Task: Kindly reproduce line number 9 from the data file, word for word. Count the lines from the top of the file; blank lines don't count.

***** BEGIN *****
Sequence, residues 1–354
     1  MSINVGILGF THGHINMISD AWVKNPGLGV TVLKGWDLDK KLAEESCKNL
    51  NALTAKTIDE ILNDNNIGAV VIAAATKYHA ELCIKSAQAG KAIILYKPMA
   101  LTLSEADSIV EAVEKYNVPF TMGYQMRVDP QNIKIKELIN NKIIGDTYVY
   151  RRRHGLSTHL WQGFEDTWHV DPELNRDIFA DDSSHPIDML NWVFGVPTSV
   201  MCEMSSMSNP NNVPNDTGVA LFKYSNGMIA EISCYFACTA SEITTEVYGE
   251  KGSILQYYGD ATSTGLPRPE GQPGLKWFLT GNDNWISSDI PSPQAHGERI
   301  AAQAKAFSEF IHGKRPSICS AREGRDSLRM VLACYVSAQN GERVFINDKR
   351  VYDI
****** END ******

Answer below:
   351  VYDI